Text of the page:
I received an email yesterday asking me about ticks. The email went on to ask “Since you did the DIY on other subjects, do you have anything for ticks?”. The reader went on to say that they live in the Northeast territory of the US where ticks are very prevalent and have been a big problem for many decades.
Not to disappoint, here is a DIY Tick Repellent and one that I might add was just approved by the Environmental Protection Agency (EPA) last week. For my reader, your question has perfect timing as this is not only a DIY Tick Repellent, but a very effective one at that. I might add, not only effective against ticks, but mosquitoes.
Ticks are small bloodsucking parasites. Many species transmit diseases to animals and people. Some of the diseases you can get from a tick bite are Lyme Disease, Ehrlichiosis, Rocky Mountain Spotted Fever, West Nile, Dengue, Zika and Tularemia. With Lyme Disease being a particularly nasty disease and sometimes deadly, it has always been a fear among outdoors men/women.
Some ticks are so small that they can be difficult to see. Ticks may get on you and hide in clothing if you walk through areas where they live, such as tall grass, leaf litter or shrubs.
As a precaution when outdoors, and one that many from the Northeast know all so well is to:
- Use a chemical repellent with DEET, Permethrin or Picaridin
- Wear light-colored protective clothing
- Tuck pant legs into socks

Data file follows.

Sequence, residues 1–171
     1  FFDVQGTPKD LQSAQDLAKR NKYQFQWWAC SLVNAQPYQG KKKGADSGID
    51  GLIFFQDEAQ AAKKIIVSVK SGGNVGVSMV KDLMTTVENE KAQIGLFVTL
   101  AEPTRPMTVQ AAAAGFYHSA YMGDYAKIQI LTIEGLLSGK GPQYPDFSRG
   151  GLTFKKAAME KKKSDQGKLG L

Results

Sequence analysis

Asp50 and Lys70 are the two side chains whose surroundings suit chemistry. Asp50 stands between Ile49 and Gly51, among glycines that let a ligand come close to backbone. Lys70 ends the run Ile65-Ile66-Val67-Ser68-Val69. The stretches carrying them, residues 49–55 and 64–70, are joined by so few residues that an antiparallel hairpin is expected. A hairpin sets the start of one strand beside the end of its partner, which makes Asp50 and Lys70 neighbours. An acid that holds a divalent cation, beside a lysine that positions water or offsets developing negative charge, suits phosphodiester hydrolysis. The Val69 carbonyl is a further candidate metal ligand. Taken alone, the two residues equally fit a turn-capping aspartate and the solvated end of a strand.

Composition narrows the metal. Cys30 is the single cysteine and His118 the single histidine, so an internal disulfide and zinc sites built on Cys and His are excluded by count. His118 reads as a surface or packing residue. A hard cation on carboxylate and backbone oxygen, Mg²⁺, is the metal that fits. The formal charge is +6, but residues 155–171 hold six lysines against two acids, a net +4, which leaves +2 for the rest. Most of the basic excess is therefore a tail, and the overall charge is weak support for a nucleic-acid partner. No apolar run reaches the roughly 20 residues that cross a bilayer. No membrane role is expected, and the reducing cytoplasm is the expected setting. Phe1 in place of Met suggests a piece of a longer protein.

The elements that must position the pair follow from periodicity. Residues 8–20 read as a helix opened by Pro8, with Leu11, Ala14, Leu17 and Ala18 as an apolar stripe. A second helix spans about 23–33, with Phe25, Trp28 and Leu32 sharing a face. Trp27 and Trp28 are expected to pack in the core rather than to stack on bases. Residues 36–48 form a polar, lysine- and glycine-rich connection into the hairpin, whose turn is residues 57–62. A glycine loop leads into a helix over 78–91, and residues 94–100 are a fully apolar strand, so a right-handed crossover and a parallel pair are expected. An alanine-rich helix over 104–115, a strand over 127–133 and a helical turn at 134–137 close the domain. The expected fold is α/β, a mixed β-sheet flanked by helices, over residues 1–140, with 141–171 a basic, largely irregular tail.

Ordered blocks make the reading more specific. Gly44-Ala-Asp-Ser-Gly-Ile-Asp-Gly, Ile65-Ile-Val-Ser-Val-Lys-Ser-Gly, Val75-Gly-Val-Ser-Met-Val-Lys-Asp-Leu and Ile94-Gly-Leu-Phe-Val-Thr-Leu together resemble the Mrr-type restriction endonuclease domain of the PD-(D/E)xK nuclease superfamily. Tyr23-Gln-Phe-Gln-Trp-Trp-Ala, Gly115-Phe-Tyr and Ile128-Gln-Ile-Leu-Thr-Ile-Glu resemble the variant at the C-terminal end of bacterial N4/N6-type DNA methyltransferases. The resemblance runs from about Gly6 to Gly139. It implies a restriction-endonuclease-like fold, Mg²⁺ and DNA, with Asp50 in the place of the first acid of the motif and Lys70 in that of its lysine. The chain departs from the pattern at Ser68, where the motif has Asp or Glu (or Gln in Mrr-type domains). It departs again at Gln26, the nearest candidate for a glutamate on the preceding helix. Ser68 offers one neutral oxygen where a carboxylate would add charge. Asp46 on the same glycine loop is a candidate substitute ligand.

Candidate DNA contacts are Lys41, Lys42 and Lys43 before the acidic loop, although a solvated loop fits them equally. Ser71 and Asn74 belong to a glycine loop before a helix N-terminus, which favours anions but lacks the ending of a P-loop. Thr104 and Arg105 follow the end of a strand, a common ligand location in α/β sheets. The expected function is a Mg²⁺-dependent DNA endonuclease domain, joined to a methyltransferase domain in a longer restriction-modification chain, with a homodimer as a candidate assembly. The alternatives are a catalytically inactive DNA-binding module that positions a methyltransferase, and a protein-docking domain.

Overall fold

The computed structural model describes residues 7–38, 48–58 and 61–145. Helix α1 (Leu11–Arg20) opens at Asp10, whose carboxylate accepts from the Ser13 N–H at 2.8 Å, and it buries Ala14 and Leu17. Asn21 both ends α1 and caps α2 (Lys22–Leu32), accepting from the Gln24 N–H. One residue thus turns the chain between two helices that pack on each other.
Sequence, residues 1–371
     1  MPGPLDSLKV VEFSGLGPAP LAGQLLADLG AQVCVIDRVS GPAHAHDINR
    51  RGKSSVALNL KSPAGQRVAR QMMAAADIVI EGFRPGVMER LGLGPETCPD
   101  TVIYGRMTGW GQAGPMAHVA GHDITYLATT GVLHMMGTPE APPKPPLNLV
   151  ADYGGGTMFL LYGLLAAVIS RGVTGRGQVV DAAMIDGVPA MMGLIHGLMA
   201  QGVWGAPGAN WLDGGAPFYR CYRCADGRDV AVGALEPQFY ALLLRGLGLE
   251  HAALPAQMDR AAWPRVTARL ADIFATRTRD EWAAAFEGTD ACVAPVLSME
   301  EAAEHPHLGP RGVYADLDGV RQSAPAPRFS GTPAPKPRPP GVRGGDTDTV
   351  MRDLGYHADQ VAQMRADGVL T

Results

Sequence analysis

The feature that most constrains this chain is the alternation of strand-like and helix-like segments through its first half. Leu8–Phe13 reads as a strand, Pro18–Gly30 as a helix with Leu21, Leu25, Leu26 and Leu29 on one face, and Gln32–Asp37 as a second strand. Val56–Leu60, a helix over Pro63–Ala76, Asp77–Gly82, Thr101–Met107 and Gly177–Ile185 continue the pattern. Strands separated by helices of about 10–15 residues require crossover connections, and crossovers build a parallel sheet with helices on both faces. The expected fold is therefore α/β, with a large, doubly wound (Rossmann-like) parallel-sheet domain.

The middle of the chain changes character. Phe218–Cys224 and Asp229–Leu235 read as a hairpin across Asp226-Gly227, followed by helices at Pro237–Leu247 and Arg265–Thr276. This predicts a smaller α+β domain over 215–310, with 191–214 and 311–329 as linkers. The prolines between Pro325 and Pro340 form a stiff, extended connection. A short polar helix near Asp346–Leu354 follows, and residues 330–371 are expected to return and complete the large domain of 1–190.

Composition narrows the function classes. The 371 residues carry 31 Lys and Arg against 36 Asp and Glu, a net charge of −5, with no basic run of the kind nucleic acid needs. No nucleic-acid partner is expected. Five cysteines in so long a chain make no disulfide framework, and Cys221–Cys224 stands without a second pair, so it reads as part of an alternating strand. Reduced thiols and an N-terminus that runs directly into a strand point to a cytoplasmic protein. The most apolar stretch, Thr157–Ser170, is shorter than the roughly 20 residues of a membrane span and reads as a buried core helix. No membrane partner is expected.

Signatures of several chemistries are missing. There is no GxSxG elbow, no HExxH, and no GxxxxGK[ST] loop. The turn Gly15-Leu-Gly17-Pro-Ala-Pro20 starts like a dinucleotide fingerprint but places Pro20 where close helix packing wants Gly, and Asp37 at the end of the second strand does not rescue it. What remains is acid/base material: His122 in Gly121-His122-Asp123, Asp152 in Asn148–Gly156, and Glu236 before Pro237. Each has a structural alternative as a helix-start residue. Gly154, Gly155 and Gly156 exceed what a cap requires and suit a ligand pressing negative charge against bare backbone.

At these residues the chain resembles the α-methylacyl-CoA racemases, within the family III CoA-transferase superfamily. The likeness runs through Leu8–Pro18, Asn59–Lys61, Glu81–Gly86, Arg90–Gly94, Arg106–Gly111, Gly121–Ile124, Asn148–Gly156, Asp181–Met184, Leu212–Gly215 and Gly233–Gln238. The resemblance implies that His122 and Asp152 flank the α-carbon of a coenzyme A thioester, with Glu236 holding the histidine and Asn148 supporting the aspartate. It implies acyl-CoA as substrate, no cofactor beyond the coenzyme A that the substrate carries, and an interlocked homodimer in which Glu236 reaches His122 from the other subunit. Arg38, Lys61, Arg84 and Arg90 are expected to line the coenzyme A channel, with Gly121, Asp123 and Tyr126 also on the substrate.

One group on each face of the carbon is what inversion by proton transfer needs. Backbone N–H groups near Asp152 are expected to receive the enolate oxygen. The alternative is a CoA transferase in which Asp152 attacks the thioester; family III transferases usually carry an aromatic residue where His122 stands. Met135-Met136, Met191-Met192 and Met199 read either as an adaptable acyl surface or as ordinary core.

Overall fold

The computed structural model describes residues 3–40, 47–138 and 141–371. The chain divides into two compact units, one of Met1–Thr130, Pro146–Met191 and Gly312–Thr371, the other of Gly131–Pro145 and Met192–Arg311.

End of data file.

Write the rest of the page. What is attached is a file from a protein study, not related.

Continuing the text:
- Avoid tick-infested areas
- Check yourself, your children and your pets daily for ticks and carefully remove any ticks you find
But what if there was a better alternative? You just happen to be in luck and not that hard to make as this has been on the market for some time, so it should be easy to find and get. The magic of this trick? Nootkatone. I’ll let you settle in on that word for a minute as it is an odd one and one that most people are not familiar with.
Nootkatone, a grapefruit scented perfume ingredient that’s toxic to ticks and mosquitoes is the first new insect repellent to be approved in a decade. The chemical Nootkatone, smells and tastes like grapefruit and is naturally found in the rind of the grapefruit, as well as in Alaskan Yellow Cedar trees.
Nootkatone protects from bug bites at similar rates as insect repellents currently on the market and has a staying power of up to several hours, the Centers for Disease Control and Prevention (CDC) found. It’s the first new chemical to be approved for this purpose since 2009.
While Nootkatone is poisonous to insects, the chemical is nontoxic to humans and other mammals, so much so that it’s commonly used in perfumes, foods, and drinks.
The discovery of Nootkatone takes advantage of the naturally occurring compounds that plants use to protect themselves. Terpenes and other natural compounds occurring in plants have a lot of importance from a chemical ecology perspective. They’re in plants as a natural defense mechanism to prevent insects from attacking them.
So how do you get some of this Nootkatone and how do you make this tick repellent? If you are the adventurous type, you could take a grapefruit rind, stuff it in a blender, but that makes a mess and is hard on the blender, so we’ll go the easy way by going to any neighborhood drug store for our supplies.
How to do it:
Take two ounces of non-greasy oil, like jojoba.
30-40 drops of the Nootkatone oil. Adjust to your liking.
Put this into a small spray bottle, shake really well and apply.